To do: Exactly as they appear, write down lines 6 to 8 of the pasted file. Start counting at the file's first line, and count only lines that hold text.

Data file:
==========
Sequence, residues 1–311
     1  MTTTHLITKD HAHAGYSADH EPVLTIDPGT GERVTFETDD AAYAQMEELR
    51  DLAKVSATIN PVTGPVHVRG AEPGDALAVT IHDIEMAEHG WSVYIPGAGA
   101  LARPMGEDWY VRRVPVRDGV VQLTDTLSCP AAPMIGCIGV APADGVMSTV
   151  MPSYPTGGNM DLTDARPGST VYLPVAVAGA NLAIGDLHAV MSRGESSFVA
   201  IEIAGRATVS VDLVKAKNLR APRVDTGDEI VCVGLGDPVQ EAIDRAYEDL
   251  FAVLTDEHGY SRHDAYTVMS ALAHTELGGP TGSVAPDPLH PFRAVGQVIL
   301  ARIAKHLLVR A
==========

   201  IEIAGRATVS VDLVKAKNLR APRVDTGDEI VCVGLGDPVQ EAIDRAYEDL
   251  FAVLTDEHGY SRHDAYTVMS ALAHTELGGP TGSVAPDPLH PFRAVGQVIL
   301  ARIAKHLLVR A